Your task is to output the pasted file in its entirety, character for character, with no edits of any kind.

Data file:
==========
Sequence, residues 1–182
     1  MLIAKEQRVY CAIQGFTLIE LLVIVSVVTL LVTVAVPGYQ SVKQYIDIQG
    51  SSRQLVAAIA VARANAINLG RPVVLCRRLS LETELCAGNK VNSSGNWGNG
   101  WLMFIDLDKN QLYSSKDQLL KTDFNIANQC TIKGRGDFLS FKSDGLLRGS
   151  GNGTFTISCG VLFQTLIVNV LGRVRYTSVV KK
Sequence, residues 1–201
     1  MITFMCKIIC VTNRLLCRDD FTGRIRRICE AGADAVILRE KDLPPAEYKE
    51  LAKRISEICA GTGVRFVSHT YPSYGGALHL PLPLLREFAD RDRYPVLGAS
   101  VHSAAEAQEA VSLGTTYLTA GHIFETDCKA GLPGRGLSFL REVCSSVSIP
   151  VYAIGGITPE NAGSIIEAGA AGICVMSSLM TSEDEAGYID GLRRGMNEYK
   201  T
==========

Sequence, residues 1–182
     1  MLIAKEQRVY CAIQGFTLIE LLVIVSVVTL LVTVAVPGYQ SVKQYIDIQG
    51  SSRQLVAAIA VARANAINLG RPVVLCRRLS LETELCAGNK VNSSGNWGNG
   101  WLMFIDLDKN QLYSSKDQLL KTDFNIANQC TIKGRGDFLS FKSDGLLRGS
   151  GNGTFTISCG VLFQTLIVNV LGRVRYTSVV KK
Sequence, residues 1–201
     1  MITFMCKIIC VTNRLLCRDD FTGRIRRICE AGADAVILRE KDLPPAEYKE
    51  LAKRISEICA GTGVRFVSHT YPSYGGALHL PLPLLREFAD RDRYPVLGAS
   101  VHSAAEAQEA VSLGTTYLTA GHIFETDCKA GLPGRGLSFL REVCSSVSIP
   151  VYAIGGITPE NAGSIIEAGA AGICVMSSLM TSEDEAGYID GLRRGMNEYK
   201  T